MPs misinformed on trophy hunting.

Brussels, 1 March 2017 – A briefing paper titled ‘Trophy Hunting: UK and international policy’ by Alison Pratt and David Hirst, provides incorrect information to the Members of Parliament in the UK (MPs) and their staff on policy and sustainability aspects of trophy hunting.

It is not true that EU Member States signed a Written Declaration in January 2016 calling for the examination of the possibility of restricting all import of trophies into the EU.

What really happened in 2016 was that an overwhelming majority of Members of the European Parliament (MEPs) – not EU Member States – chose NOT to support a written declaration with that content.

Importantly, in 2016, the UK Government and the other 27 EU Member States took a unanimous decision, as part of the 183 countries that are parties to the Convention on International Trade in Endangered Species of Wild Fauna and Flora (CITES), to adopt a resolution on trade in hunting trophies in which they:

1) recognise that “well-managed and sustainable trophy hunting is consistent with and contributes to species conservation, as it provides both livelihood opportunities for rural communities and incentives for habitat conservation, and generates benefits which can be invested for conservation purposes”; and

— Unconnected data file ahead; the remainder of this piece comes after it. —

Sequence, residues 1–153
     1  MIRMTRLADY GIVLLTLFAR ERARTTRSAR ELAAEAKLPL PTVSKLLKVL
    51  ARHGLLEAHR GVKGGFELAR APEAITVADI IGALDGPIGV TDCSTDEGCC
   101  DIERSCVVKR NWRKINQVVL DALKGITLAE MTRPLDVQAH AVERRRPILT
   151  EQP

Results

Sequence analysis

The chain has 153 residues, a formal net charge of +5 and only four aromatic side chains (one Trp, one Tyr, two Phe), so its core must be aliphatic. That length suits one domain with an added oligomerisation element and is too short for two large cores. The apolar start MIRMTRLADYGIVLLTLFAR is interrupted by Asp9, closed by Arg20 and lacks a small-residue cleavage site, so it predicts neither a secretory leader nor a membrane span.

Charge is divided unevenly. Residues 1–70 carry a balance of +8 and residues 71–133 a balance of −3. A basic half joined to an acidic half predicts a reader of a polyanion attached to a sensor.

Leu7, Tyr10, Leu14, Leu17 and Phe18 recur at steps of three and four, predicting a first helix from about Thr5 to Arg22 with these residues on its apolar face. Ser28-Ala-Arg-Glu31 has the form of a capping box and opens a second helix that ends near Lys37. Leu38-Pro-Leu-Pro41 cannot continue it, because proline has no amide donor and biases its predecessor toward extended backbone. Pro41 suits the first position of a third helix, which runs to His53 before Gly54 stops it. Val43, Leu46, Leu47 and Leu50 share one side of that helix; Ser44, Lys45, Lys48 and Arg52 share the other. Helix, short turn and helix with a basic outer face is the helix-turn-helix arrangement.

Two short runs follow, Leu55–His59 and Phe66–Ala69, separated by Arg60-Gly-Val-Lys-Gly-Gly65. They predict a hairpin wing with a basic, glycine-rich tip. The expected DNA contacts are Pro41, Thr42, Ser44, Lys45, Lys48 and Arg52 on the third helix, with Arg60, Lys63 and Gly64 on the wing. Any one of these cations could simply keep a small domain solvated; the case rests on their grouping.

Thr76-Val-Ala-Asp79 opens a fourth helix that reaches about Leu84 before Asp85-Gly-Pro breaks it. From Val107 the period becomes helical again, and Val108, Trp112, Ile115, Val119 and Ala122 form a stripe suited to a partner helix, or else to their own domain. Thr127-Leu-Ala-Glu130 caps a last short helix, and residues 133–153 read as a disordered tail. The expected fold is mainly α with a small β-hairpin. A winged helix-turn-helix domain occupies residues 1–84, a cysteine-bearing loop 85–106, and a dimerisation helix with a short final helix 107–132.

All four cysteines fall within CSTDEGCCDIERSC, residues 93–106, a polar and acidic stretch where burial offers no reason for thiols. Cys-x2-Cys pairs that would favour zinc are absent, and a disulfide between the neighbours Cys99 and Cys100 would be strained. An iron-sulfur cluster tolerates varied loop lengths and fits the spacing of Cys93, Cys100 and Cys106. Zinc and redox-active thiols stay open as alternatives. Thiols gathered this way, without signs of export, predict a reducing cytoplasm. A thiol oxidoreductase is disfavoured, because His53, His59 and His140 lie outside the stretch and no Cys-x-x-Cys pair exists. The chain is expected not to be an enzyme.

2) recommend that Parties “consider the contribution of hunting to species conservation and socio-economic benefits, and its role in providing incentives for people to conserve wildlife, when considering stricter domestic measures and making decisions relating to the import of hunting trophies”.

The mistakes in the Commons Library Briefing Paper could have been avoided and a more balanced overview of the best available science and opinions on trophy hunting could have been reflected therein, had the authors relied more on peer-reviewed evidence.

It is surprising that the authors relied so heavily on opinion papers from a few animal rights’ organisations that are well-known for having a negative attitude towards trophy hunting.

MPs deserve to be properly briefed on such an important matter for wildlife conservation! In this context, this misinformed briefing paper should be withdrawn and resubmitted with a greater reliance on the existing peer reviewed evidence.

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